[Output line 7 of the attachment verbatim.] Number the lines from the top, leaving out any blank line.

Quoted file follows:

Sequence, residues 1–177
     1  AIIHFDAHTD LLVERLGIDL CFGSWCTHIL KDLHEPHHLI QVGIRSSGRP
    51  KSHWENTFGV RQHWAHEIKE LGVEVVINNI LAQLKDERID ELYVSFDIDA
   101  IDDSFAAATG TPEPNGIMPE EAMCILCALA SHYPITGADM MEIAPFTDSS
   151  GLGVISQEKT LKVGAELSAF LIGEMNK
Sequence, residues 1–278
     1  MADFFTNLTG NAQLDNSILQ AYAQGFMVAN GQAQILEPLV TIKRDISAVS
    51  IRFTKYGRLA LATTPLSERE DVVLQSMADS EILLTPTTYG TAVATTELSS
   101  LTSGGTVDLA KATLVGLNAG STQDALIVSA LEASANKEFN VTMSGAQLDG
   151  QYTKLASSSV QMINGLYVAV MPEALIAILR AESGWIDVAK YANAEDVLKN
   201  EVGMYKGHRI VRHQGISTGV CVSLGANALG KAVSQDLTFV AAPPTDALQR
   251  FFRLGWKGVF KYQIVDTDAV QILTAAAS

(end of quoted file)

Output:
     1  MADFFTNLTG NAQLDNSILQ AYAQGFMVAN GQAQILEPLV TIKRDISAVS